As we sold our primary home and relocated full-time to our summer residence, my husband and I went into high gear and eliminated many items that we no longer needed. We tossed many things out and gave lots away. We moved items we weren’t sure of, knowing that we’d retain what we wanted and would clear out the rest.
Overall, we brought too much stuff! This was partly due to moving quickly and having two homes. We ran short of time required to thoroughly access everything and clear things out. As a result, the clearing process is continuing. Here are some lessons we’ve learned along the way:
Extra Space Delays Decisions
For the past 32 years we lived in a home that had great storage space. As a result, it was easy to tuck things away neatly, just in case we might want to use them again one day. Doing so delayed the inevitable. Even if you have a lot of space, let things go when you no longer need or use them. Your possessions consume your energy in one way or another. The only way to free yourself from your stuff is to let it go!
Emotional Ties Run Deep
We’re living in a smaller home and we don’t have room for everything we’ve accumulated. It’s a conscious choice. We’re finding that it’s a challenge to release things we don’t need due to deeply held emotions.
Recently my husband pulled back a coffee pot while we were dropping items off at a donation center. Even though it’s not a brand he likes to use and we already have a backup, he wasn’t ready to let it go. It’s in great shape but haven’t needed it and stopped using it several years ago.
When I brought it in and put it down, he said: “We’re not giving that away, are we?” Rather than argue about it, I handed it back to him and we took it home. I know he’ll be ready at another time. Meanwhile, we’re storing two backup coffee pots. It’s an emotional tie. He enjoys coffee and doesn’t want to risk having to be without a working coffee pot.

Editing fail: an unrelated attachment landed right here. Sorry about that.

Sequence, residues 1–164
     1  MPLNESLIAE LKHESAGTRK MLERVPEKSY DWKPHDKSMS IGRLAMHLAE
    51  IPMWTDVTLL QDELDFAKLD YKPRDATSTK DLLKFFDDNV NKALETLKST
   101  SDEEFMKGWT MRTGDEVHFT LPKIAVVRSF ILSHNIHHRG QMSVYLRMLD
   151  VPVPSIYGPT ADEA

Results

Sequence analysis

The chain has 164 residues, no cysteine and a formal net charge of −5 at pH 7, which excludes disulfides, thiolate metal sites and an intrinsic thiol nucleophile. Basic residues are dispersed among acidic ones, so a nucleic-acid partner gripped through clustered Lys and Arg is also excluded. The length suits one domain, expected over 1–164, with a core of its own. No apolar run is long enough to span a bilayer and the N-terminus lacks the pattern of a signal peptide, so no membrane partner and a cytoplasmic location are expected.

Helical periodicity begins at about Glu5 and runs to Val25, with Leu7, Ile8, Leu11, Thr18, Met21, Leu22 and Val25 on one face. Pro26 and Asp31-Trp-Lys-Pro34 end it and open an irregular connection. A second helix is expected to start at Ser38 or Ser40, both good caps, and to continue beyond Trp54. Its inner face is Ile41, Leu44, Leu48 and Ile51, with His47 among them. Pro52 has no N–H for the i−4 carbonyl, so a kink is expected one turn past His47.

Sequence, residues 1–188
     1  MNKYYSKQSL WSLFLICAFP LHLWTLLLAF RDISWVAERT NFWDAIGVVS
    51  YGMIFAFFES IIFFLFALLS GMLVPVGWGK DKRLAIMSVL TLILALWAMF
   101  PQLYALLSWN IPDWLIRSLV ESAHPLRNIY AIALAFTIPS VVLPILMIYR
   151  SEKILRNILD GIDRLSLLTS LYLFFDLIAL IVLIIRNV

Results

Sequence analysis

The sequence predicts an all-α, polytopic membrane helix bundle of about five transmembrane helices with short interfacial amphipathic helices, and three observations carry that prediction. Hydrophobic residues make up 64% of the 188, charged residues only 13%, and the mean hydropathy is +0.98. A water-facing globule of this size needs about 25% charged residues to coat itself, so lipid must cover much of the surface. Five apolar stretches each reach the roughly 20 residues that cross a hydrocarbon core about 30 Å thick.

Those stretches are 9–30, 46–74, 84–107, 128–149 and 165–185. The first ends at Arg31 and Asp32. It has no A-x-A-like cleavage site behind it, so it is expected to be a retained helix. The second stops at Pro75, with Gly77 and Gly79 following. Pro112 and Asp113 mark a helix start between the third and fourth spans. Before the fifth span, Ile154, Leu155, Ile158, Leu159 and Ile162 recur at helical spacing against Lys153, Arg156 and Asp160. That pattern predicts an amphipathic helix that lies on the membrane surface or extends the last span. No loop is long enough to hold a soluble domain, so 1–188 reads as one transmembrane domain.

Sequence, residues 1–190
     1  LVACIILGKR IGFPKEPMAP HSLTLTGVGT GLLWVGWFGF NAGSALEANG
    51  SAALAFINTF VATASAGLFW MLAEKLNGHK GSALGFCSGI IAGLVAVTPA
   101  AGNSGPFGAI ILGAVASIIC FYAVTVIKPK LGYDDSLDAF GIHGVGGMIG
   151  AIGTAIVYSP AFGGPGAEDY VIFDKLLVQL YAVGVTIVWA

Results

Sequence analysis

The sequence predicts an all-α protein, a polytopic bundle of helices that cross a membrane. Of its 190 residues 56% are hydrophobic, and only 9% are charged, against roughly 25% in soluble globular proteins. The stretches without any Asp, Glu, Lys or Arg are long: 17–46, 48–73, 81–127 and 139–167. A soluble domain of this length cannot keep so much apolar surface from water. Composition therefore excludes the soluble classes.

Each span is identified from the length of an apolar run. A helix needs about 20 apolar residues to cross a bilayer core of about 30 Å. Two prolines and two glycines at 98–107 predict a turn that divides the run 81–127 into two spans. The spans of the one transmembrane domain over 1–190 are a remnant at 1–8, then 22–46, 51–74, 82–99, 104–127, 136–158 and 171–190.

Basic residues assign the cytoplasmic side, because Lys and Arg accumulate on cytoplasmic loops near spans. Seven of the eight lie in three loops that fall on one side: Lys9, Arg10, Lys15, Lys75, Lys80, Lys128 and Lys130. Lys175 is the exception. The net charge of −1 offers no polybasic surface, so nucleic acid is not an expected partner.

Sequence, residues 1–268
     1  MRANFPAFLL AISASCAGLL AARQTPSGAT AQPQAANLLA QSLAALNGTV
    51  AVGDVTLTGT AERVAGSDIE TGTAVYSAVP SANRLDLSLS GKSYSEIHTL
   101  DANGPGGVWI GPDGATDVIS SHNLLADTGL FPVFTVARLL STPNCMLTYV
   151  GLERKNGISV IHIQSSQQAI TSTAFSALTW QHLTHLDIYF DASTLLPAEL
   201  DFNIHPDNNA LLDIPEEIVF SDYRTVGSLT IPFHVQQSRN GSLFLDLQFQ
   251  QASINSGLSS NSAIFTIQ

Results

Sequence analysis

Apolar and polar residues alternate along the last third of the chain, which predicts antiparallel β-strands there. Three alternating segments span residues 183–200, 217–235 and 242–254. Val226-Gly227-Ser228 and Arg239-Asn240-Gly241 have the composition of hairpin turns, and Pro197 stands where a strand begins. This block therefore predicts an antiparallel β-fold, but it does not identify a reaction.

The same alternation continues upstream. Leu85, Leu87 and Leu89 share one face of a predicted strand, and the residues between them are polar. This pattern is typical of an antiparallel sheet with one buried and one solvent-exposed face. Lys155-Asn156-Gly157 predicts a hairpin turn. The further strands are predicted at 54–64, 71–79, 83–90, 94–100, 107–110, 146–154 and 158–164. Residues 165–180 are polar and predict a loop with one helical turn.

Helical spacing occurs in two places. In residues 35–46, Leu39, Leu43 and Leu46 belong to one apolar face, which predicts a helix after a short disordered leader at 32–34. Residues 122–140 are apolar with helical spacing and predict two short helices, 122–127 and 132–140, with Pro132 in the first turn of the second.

Patience Pays Off – Wait for the Right Time
Last winter some mice made a home in a wooden cabinet in our shed. After clearing the debris and realizing that the refinishing would require a bit of work, my husband wanted to take it with us. It ended up as an extra on our porch. Knowing that we really didn’t have a place to keep it and that I wasn’t going to refinish it, my daughter and I moved it to the backyard.
A few days later, my husband took a second look at it in bright daylight. He reconsidered why he was hanging onto it and finally took the cabinet to the dump. As he and his brother loaded it into the car, he remarked that he’s been carrying that cabinet around for 40 years! What a metaphor for the baggage that many of us carry.
Eliminate Layer by Layer
When you’re not ready to let something go, move onto another item. We all have more than enough to work with. I moved several beautiful baskets from one house to the other. This past month I took a closer look and selected a few baskets that I’m most likely to use. I donated the rest. I now have more space (and less clutter) in my kitchen. I’m also doing the same with bedding. We’re keeping two sets of sheets for each bed and a few extra comforters to occasionally swap out. Everything else is moving on.
Find an Easy Drop-off Location
Rather than have a yard sale or sell items over the web, we prefer to give them away. It’s fast and people love getting a bargain. Finding an organization that wants (and appreciates) the items you’re giving away makes the process easy and enjoyable. Currently, I’m removing extras each week. A recent donation included three fans, an extra set of dishes, some children’s toys, a few clothes, and a few side tables. All were in great shape. We just don’t need them any longer.
Less is More
The clearing process is freeing and transformative. I don’t miss anything that I’ve given away. Recently my husband remarked that our new home was feeling pretty good, even though we have more to unpack and thin out. This past Mercury Retrograde cycle has been helpful. It’s a great time to clear out and let go. I’m confident that we’ll address the extras we have before winter sets in. It’s easier to live with less. Doing so is freeing our time to have more experiences …which has been an intention all along. We’re choosing to live lighter to create time and resources to do more. It’s a win-win.